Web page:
Only 10% of children who are blind are being taught Braille.
Only 30% of adults who are blind are employed.
85% of adults who are blind and know Braille, are employed.
Let that second statistic sink in. The current unemployment rate as I type this in the U.S. is 6.9%. Even during the current pandemic when people have been filing for unemployment at staggering levels, the highest the unemployment rate reached this year was 14.7%. During the Great Depression, unemployment reached the highest it has ever reached at 25%. For adults who are blind the rate is 70%! SEVENTY PERCENT UNEMPLOYMENT.
The first time I learned this, not long after Finn was born, I was floored. I still am. While there are surely many factors contributing to this horrifying statistic, I have no doubt that the one that looms largest is discrimination. I’ve heard tale after tale from those who are blind of applying for jobs that they are qualified for, often more than qualified for, only to be rejected or passed over for someone else simply because they are lacking vision or have low vision. Employers who encounter a blind applicant may assume things like, “this person isn’t capable of performing the job” or “this person will require adaptations I’m not willing or able to provide” or they may just have implicit biases under the surface that they aren’t even aware are there. As is true for so many people with a disability, the bottom line is blindness continues to be unfairly associated with incompetence. The key word here is unfairly. The fact is, people who are blind can perform most jobs that sighted people can and there is no such thing as a “blind person’s job”. Of course people who are blind can’t perform ALL jobs that sighted people can, but sighted people can’t perform ALL jobs either. There are blind people all over the world successfully working as architects, engineers, designers, physicians, judges, artists and scientists, among many other professions. As a sighted person, I can say with confidence I could not successfully work in most of these fields myself!
Technology has come far in recent decades, opening the doors for more opportunities for the blind community among others, but clearly disability biases remain or this statistic would not. So, what can we do? One misconception I hear a lot is that “there is no point” for those with low or no vision to learn Braille anymore. Yes, screen readers or audio books and other technological advances allow for all of us to “read” without sight, but that is not the same as being literate. And for anyone, being literate correlates with academic success, employment and higher wages. Taking a look back at the statistics I started with, 85% of those who are blind and who know Braille are employed! It is clear that this correlation of literacy and employment doesn’t just apply to print readers. So, it may come as no surprise that I’ve been exposing Finn to Braille since birth. We have tons of books for him that are Brailled and his TVI (Teacher for the Visually Impaired) recently made individual alphabet books for him that are teaching him how to recognize each letter by touch. We’re also working on exposing him to the Braille cell through 6-hole muffin tins that we fill with tennis balls to form different letters. Sloane has taken to both and we expose her to how her brother will learn to read all the time as well. I’ve also just completed a Braille class myself and am now able to Braille books, objects and other items throughout our house on my own using a Brailler (it weighs a ton and looks like a chunky old school typewriter and yet has become one of my most prized possessions). Ensuring my son is literate is the best way I know how to combat the staggering statistics working against him.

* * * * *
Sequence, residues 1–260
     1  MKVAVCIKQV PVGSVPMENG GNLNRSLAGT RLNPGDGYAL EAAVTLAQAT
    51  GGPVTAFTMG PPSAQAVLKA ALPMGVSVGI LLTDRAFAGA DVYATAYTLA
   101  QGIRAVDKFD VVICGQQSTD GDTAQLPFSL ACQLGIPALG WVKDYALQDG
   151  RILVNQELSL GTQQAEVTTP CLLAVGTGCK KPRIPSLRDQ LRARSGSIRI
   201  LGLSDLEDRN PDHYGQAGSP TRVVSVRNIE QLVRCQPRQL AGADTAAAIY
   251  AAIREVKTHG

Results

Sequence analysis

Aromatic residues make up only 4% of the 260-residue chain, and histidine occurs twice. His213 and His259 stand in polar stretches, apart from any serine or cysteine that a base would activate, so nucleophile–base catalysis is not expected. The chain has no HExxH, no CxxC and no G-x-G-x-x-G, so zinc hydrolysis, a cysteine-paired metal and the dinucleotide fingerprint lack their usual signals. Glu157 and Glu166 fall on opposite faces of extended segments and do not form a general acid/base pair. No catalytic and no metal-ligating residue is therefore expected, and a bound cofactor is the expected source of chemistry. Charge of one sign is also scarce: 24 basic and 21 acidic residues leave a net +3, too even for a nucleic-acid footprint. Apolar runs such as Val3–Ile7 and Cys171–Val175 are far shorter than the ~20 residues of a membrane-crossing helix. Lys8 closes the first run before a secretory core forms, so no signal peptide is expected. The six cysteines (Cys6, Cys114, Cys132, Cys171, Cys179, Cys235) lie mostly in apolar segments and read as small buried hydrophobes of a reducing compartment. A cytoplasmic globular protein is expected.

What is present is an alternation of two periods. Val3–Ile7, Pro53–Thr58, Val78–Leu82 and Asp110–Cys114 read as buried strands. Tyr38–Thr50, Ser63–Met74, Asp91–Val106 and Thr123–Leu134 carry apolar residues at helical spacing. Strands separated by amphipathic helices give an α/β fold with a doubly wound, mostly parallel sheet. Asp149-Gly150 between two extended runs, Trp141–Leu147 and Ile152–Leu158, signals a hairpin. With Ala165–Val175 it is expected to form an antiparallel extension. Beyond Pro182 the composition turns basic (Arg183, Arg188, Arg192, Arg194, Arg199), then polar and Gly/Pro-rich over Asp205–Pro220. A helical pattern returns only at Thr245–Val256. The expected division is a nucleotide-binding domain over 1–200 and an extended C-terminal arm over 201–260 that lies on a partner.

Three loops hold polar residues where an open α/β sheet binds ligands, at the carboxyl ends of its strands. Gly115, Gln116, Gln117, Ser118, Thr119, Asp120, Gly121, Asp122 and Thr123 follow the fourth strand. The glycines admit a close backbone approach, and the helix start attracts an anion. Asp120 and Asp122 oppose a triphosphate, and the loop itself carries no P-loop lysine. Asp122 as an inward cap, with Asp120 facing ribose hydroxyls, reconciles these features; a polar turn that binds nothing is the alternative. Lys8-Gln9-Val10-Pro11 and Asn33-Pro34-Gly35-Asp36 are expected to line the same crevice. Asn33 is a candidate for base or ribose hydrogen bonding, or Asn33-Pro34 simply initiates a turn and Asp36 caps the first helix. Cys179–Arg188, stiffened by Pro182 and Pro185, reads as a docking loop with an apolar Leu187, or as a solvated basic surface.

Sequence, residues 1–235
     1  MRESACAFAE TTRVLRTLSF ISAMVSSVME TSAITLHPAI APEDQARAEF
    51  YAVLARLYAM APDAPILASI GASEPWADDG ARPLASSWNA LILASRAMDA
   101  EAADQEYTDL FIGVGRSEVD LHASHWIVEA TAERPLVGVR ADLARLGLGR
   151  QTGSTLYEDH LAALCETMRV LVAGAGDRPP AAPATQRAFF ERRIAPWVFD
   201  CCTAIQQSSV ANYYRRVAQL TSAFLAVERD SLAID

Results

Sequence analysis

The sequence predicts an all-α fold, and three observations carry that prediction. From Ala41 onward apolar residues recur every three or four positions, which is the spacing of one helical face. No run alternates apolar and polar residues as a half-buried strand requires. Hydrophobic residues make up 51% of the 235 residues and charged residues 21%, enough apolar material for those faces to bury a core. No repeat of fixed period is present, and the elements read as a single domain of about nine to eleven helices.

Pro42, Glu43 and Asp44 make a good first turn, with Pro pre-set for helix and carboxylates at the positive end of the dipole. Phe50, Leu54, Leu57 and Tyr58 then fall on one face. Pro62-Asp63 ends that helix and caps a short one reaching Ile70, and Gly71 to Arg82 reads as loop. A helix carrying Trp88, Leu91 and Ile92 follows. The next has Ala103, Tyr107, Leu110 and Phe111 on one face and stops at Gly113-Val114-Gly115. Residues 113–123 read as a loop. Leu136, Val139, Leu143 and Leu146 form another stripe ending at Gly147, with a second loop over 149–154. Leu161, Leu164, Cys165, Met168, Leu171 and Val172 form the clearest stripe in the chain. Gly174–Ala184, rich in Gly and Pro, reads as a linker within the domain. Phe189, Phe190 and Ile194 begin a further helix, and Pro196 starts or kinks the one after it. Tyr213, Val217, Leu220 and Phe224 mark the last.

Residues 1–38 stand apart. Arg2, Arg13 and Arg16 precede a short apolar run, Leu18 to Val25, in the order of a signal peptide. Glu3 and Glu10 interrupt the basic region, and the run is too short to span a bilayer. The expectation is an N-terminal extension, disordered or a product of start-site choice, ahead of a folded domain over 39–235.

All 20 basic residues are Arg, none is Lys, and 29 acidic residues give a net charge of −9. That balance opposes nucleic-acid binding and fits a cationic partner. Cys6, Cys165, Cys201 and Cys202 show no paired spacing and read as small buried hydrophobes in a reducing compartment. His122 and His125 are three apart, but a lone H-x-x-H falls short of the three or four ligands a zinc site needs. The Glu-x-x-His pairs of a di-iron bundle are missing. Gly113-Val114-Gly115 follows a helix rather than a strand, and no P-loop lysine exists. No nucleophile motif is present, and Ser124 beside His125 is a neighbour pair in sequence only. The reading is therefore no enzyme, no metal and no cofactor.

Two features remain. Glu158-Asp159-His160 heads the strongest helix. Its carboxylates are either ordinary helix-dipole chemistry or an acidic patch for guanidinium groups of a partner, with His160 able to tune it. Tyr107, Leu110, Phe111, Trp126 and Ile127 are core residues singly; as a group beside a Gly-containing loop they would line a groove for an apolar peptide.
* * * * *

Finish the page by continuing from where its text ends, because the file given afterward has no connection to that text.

As for discrimination, I encourage all who are ever in a position of hiring someone to do your part to combat these statistics too. How? For starters, make sure your company website and hiring sites are all accessible so that those with visual impairments have equal access to job postings. Equal opportunity employment starts with the posting itself. Secondly, educate yourself on the multitude of technologies, adaptations and accessibility tools there are out there to support the visually impaired in completing any task. Adaptations are not hard to provide and are no different than providing an employee with software or a computer to do their job. Simply ask a visually impaired candidate, what tools would you need to effectively do this job? Third, attend White Cane Day events or other opportunities to meet more people in your community who are blind or visually impaired. One of the biggest ways we discriminate is through isolating or ignoring marginalized groups. Assumptions are falsely made when we don’t allow ourselves to observe, interact and learn from others who are different from us. Finally, and most of all, do not discriminate! It’s really that simple. Don’t make assumptions about anyone before you’ve met them or really given them the opportunity to show you who they are what they can do. If you aren’t open to hiring an applicant with a visual impairment, I’d say you are actually the one lacking vision. My bet is, you’ll end up gaining as much, if not more, from hiring the applicant that may require some out of the box thinking on your part than you could ever aim to imagine when writing out that job description!